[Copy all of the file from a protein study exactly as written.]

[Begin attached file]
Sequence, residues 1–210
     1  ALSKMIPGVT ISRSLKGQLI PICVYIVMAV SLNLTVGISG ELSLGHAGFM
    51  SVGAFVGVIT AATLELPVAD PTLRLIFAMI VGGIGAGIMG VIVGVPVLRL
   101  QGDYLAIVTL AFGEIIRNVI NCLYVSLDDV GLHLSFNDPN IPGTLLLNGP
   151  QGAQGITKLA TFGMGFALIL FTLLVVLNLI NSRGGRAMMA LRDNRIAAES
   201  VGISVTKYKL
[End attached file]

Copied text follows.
Sequence, residues 1–210
     1  ALSKMIPGVT ISRSLKGQLI PICVYIVMAV SLNLTVGISG ELSLGHAGFM
    51  SVGAFVGVIT AATLELPVAD PTLRLIFAMI VGGIGAGIMG VIVGVPVLRL
   101  QGDYLAIVTL AFGEIIRNVI NCLYVSLDDV GLHLSFNDPN IPGTLLLNGP
   151  QGAQGITKLA TFGMGFALIL FTLLVVLNLI NSRGGRAMMA LRDNRIAAES
   201  VGISVTKYKL